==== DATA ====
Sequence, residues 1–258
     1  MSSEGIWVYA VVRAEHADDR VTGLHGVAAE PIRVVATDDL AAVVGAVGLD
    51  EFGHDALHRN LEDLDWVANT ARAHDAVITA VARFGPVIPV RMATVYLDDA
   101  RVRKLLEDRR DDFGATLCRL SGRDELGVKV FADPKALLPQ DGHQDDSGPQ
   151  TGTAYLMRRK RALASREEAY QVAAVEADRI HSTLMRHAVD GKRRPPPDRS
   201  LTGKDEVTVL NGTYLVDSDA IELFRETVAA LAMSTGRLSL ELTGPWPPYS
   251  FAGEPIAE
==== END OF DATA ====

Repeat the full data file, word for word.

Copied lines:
Sequence, residues 1–258
     1  MSSEGIWVYA VVRAEHADDR VTGLHGVAAE PIRVVATDDL AAVVGAVGLD
    51  EFGHDALHRN LEDLDWVANT ARAHDAVITA VARFGPVIPV RMATVYLDDA
   101  RVRKLLEDRR DDFGATLCRL SGRDELGVKV FADPKALLPQ DGHQDDSGPQ
   151  TGTAYLMRRK RALASREEAY QVAAVEADRI HSTLMRHAVD GKRRPPPDRS
   201  LTGKDEVTVL NGTYLVDSDA IELFRETVAA LAMSTGRLSL ELTGPWPPYS
   251  FAGEPIAE